There are a few ways around this:
 a) Don't make the victim the butt of the joke.
 b) If the joke teller is playing the part of the predator, they should make it clear that they are playing the antagonist and the joke should either be at their expense, or...
 c) the joke should be so obviously ironic and satirical that the rapist's position as protagonist should be clearly absurd. In this case the butt of the joke is the horrific position of the protagonist. This is the most risky type of joke to make, so you'd better make damn sure you do it well as you can easily fall into being shitty and offensive.

The best rape joke should stick the boot squarely in the face of the rape apologist. They are the most mockable, stupid, nasty people in all of rape...ville.

3 - Who is Your Audience? 

Let me make something very clear: if your joke/column/blog/forum is on the internet, the answer is everyone. Everyone is your audience. It doesn't matter who your intended audience is, if everyone can see it, then everyone is your audience. This is the equivalent of swearing down your mobile phone on a commuter train. No one cares that your intention was to swear only at your crack dealer - you're pissing off everyone on the train and they all hate you.

Now, my friends and I make all kinds of terrible and potentially offensive jokes in each other's company, in private. We can do this because we know each other well enough that we understand very clearly when a joke falls into category (c) above. Not only that, we're comfortable telling each other if a line of decency has been crossed. In a small group of friends, there is a very clear understanding about what is happening.

Expanding this: if you go and see Frankie Boyle, there should be an understanding that he's going to deliberately cross boundaries of decency because that is part of his schtick. There is an element to the fact that Frankie Boyle should know that his stand-up might well spread beyond his stage and should be aware of this, but just go with me on this.

Be aware of who will hear/read your joke and, you know, try not to offend if you can help it. That's just being an arsehole. So, while you not be doing a gig at an abused women's shelter, you'd do well to understand that not everyone will appreciate your humorous take on rape.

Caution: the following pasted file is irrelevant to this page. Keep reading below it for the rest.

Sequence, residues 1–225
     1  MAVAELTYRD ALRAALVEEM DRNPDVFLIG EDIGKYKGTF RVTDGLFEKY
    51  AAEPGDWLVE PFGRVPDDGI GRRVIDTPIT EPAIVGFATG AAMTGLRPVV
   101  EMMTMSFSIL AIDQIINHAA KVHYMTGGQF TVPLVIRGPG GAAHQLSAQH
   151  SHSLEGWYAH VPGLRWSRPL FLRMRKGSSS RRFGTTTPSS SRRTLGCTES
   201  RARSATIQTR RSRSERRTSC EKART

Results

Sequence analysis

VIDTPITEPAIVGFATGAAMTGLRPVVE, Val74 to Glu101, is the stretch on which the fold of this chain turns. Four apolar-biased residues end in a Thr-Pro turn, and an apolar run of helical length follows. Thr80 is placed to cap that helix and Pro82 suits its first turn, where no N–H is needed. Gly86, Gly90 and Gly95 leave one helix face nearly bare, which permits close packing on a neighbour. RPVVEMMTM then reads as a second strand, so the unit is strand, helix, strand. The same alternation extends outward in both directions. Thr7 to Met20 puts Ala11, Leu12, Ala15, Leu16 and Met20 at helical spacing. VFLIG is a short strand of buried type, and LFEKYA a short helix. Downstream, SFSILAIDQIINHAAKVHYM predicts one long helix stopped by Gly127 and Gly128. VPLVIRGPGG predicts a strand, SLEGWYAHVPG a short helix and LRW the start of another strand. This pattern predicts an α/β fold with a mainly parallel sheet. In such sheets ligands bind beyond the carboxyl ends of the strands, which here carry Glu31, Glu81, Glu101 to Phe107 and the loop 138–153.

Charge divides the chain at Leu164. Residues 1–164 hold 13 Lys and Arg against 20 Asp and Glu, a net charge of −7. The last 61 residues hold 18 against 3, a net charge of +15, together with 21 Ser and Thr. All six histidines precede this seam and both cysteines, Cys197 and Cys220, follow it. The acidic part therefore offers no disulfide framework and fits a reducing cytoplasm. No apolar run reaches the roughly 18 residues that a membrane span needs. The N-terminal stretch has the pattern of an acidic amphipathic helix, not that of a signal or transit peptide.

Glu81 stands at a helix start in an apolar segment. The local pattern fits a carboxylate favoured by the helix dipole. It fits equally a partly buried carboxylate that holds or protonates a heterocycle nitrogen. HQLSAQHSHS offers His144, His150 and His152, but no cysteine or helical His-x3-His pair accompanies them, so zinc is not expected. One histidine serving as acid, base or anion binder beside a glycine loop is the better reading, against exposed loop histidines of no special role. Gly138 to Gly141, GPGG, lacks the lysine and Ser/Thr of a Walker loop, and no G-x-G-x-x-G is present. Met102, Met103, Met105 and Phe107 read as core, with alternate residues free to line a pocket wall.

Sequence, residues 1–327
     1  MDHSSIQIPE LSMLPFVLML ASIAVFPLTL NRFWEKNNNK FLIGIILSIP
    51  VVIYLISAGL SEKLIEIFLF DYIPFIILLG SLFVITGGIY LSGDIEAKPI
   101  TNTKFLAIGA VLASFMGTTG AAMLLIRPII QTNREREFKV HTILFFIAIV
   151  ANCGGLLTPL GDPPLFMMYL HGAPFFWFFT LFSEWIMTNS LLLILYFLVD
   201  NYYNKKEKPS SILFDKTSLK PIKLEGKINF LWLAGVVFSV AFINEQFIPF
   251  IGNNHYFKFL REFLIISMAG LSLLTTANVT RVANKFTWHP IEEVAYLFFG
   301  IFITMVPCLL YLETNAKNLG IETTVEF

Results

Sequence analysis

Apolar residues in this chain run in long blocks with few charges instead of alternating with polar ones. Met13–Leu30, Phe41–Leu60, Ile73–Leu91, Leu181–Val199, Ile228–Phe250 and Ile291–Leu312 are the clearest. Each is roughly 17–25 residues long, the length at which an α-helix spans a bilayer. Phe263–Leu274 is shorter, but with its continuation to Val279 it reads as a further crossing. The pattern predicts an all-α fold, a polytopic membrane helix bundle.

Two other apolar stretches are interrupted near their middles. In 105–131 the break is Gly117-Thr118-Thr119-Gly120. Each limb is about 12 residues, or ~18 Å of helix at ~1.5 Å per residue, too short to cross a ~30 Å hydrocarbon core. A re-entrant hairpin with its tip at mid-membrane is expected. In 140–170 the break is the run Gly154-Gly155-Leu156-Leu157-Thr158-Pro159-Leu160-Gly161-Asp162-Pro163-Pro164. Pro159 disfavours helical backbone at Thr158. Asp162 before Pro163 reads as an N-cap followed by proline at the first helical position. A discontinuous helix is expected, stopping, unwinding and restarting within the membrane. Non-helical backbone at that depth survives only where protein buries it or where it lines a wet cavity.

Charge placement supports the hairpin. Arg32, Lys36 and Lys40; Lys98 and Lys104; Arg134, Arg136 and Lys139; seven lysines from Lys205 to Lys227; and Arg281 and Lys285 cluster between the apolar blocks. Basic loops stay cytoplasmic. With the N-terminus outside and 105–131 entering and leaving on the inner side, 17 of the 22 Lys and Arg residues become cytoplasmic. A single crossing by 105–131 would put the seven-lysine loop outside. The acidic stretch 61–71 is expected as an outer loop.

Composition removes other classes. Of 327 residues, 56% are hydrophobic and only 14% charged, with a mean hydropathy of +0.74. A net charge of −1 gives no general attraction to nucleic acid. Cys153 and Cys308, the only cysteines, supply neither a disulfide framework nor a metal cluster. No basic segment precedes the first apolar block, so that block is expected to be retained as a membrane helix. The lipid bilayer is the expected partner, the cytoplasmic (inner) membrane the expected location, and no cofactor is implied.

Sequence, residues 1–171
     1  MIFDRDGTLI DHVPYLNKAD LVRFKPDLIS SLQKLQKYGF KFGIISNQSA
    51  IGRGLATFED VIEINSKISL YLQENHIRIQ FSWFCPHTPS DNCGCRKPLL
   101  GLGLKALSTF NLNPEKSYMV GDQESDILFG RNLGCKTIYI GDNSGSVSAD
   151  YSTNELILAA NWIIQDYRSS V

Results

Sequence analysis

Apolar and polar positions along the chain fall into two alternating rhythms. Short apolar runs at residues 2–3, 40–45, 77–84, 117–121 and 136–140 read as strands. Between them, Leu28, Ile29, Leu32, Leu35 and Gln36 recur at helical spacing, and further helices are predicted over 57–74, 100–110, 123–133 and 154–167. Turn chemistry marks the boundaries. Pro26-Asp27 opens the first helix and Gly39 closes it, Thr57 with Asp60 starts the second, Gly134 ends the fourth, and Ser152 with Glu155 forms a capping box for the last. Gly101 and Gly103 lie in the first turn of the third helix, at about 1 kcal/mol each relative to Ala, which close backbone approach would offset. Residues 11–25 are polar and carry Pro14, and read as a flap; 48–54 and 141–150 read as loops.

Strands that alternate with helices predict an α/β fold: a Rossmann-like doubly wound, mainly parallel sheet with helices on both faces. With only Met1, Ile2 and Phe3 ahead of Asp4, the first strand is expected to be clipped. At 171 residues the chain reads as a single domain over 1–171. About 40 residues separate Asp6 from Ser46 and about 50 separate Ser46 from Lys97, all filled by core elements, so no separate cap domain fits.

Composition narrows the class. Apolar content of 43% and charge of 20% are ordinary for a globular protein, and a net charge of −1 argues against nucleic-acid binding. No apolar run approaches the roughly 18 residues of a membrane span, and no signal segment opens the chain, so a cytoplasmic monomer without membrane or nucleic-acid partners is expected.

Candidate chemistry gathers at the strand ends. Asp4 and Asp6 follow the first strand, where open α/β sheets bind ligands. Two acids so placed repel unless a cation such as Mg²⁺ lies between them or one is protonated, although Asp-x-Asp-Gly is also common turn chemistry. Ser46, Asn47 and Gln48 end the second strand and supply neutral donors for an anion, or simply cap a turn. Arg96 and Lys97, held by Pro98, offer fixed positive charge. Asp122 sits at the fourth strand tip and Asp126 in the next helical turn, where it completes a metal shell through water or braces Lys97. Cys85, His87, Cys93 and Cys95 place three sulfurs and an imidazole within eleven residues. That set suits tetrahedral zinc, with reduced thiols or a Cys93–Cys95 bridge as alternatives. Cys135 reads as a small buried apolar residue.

4 - After You Inevitably Offend 

This is something you need to be thoroughly aware of and prepared for: if you're going to 'push the boundaries of comedy' (snort), then you probably will offend someone. Expect it. If you're surprised that a joke about rape caused people some discomfort then you're an idiot. Making light of rape is a very dodgy thing to do. And when I say to be prepared for criticism, I don't mean prepare a list of defensive rebuttals, I mean be prepared to listen to it.

Getting defensive and sticking your fingers in your ears to save your ego won't help you: it'll make you look like a massive dickhead. Instead, try listening to what they have to say. If you stay calm, you might get a decent discussion out of it and you can learn something about your subject material, about the boundaries of comedy and how to improve your material and delivery. You might not agree with everything they have to say about you or your joke, but that does not devalue what they have to say. There are reasons behind people's offense and they are important to hear.

And remember: apologising is not a sign of weakness; it's a sign of strength. If you're going to play around at the edge of common decency, you're probably going to fall off once in a while. Accepting that you got it wrong is fine. Just say, 'I was wrong', apologise and move on in the knowledge that you've become better through making mistakes and understanding how you went wrong.